Pennsylvania

Energy. Environment. Economy.

Analysis finds Pa.’s effective tax rate on shale gas wells among lowest

The state Independent Fiscal Office compared Pennsylvania to ten other shale gas-producing states.

Lindsay Lazarski/WHYY

The state Independent Fiscal Office compared Pennsylvania to ten other shale gas-producing states.

Pennsylvania has one of the lowest effective tax rates on shale gas extraction, according to an analysis from the state’s Independent Fiscal Office (IFO).

The analysis only considers Marcellus gas wells going into production this year. It compares Pennsylvania against ten other shale gas-producing states around the country.

“The states we examined were either a large shale producer, or they were in close proximity to Pennsylvania,” says IFO director Matt Knittel. “Under most of the scenarios we examined, Pennsylvania does have the lowest effective tax rate.”

However, the analysis does leave out some types of taxes paid by natural gas producers, including sales and corporate income taxes.

“Pennsylvania does have the second-highest corporate income tax rate in the United States,” says Knittel. “However it’s difficult because we do not know to whom the income accrues to. It could go to a multi-state corporation. It could be apportioned to Pennsylvania and to another state.”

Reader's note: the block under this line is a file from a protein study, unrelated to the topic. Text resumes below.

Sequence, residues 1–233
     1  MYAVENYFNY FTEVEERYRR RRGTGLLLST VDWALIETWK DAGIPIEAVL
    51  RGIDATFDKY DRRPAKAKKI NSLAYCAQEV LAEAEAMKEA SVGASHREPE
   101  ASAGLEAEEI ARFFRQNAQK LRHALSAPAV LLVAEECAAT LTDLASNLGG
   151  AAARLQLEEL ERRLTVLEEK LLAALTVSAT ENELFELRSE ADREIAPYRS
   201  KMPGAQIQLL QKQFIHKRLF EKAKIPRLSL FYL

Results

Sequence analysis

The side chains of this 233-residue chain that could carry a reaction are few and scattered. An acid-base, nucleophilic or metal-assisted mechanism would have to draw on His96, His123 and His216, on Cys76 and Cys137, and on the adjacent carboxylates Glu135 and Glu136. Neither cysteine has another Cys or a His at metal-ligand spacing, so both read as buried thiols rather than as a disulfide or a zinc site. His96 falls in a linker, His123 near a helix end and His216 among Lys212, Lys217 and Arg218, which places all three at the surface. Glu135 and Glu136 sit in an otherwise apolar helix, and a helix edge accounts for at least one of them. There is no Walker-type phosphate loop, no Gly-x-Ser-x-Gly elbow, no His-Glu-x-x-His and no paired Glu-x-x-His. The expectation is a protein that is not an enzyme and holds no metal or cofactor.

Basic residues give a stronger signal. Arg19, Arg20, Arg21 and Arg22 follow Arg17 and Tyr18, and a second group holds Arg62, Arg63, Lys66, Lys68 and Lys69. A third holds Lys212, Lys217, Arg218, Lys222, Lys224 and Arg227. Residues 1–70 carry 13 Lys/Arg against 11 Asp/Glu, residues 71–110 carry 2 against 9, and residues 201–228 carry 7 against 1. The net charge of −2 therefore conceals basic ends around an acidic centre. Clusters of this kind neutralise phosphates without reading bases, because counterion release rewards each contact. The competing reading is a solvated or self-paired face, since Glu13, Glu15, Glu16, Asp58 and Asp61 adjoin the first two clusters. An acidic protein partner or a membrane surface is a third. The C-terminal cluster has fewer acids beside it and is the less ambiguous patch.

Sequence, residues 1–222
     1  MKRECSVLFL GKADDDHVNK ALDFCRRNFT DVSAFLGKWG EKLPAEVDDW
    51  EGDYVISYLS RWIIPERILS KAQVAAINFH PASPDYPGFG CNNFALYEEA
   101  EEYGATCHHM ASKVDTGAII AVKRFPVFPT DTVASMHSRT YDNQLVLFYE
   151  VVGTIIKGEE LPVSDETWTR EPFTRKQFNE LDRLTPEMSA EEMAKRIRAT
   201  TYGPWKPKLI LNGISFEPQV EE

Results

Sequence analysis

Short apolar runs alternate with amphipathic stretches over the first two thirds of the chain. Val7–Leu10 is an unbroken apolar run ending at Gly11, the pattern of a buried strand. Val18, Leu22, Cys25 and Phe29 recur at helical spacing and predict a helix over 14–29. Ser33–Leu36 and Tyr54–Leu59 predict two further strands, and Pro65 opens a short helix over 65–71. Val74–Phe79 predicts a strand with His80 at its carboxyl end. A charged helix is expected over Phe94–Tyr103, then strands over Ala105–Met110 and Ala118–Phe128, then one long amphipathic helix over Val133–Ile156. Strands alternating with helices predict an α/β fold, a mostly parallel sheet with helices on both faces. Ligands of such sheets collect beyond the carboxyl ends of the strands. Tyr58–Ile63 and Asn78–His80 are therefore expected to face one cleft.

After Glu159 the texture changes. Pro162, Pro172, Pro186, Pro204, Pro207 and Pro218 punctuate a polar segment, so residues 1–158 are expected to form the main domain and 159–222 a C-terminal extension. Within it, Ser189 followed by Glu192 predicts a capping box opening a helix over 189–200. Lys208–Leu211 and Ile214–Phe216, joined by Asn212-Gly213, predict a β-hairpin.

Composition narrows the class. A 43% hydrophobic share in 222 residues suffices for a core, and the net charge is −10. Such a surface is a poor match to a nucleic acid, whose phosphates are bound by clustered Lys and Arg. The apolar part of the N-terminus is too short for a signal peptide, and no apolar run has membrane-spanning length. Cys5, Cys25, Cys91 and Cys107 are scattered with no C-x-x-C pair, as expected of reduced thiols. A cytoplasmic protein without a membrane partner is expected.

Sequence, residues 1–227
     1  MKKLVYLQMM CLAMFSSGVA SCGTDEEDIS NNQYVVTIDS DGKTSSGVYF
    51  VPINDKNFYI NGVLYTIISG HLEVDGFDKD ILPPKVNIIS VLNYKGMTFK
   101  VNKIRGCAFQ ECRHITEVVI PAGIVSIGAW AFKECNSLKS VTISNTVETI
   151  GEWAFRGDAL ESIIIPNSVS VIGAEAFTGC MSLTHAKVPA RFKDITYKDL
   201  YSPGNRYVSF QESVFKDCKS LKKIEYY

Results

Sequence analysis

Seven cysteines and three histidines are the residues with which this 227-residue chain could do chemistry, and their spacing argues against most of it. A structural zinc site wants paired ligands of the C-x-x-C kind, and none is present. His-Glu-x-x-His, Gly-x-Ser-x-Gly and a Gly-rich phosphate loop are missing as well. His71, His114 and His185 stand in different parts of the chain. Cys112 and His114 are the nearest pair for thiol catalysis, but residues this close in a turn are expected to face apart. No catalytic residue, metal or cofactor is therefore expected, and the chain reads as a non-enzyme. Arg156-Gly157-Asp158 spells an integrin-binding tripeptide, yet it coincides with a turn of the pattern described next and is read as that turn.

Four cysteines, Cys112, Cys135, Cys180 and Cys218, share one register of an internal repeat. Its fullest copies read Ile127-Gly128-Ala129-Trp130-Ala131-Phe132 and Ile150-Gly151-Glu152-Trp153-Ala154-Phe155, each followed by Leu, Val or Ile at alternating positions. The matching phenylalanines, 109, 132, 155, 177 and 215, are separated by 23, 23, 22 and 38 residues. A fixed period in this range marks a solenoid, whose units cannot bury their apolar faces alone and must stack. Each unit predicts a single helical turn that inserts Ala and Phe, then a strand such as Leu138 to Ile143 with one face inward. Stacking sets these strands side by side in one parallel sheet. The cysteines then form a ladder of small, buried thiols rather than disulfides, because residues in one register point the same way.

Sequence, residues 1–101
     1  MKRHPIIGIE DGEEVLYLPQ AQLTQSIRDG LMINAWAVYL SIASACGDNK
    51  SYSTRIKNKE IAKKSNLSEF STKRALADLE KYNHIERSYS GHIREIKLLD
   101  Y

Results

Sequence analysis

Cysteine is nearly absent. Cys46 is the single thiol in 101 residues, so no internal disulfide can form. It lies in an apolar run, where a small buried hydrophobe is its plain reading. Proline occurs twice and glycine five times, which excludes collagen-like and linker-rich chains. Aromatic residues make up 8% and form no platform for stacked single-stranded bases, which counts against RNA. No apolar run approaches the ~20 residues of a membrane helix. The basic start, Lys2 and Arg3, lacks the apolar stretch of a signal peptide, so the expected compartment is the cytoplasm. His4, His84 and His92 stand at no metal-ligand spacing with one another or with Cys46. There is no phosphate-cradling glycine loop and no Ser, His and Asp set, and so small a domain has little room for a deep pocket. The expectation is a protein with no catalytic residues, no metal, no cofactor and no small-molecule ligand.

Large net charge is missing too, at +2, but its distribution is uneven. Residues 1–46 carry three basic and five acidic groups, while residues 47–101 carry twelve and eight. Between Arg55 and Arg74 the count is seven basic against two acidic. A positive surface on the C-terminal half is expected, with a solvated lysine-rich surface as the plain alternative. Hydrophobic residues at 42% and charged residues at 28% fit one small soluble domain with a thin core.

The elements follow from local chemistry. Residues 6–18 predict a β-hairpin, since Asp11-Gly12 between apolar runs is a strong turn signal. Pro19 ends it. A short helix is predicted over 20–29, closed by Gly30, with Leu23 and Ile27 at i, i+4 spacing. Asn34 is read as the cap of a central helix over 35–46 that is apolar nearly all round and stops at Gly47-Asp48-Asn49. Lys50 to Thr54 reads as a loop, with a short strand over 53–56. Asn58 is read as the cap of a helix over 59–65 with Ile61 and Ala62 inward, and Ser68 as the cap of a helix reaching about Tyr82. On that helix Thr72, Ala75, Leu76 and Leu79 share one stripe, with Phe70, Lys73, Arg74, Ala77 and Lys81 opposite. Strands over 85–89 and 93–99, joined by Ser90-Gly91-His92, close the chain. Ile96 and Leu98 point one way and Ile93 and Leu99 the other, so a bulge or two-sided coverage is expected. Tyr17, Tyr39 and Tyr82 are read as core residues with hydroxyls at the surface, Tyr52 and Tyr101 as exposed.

Knittel says the main taxes the IFO counted were state severance taxes (Pennsylvania’s impact fee was treated as a severance tax) and local property taxes– levied on value of natural gas reserves, yet to be extracted.

The state’s gas industry trade group, the Marcellus Shale Coalition, issued a page-long rebuttal to the report, arguing its methodology was flawed.

“IFO states clearly that Pennsylvania has some of the highest business taxes and energy fees and that this is not an ‘apples to apples’ comparison of the total tax liability for oil and natural gas producers across states,” said MSC president Dave Spigelmyer in a statement.

Governor Corbett’s Energy Executive Patrick Henderson echoed similar sentiments.

“The report fails to account for, among other deficiencies, the full continuum of taxes paid by oil and gas operators in Pennsylvania, including the corporate net or personal income tax; sales and use tax; liquid fuels tax, and others that have contributed over $2 billion to Pennsylvania revenues since 2008.”

In his reelection campaign, Corbett is promoting the state’s existing impact fee–which has generated about $200 million annually–while his democratic opponents have called for a severance tax.

 

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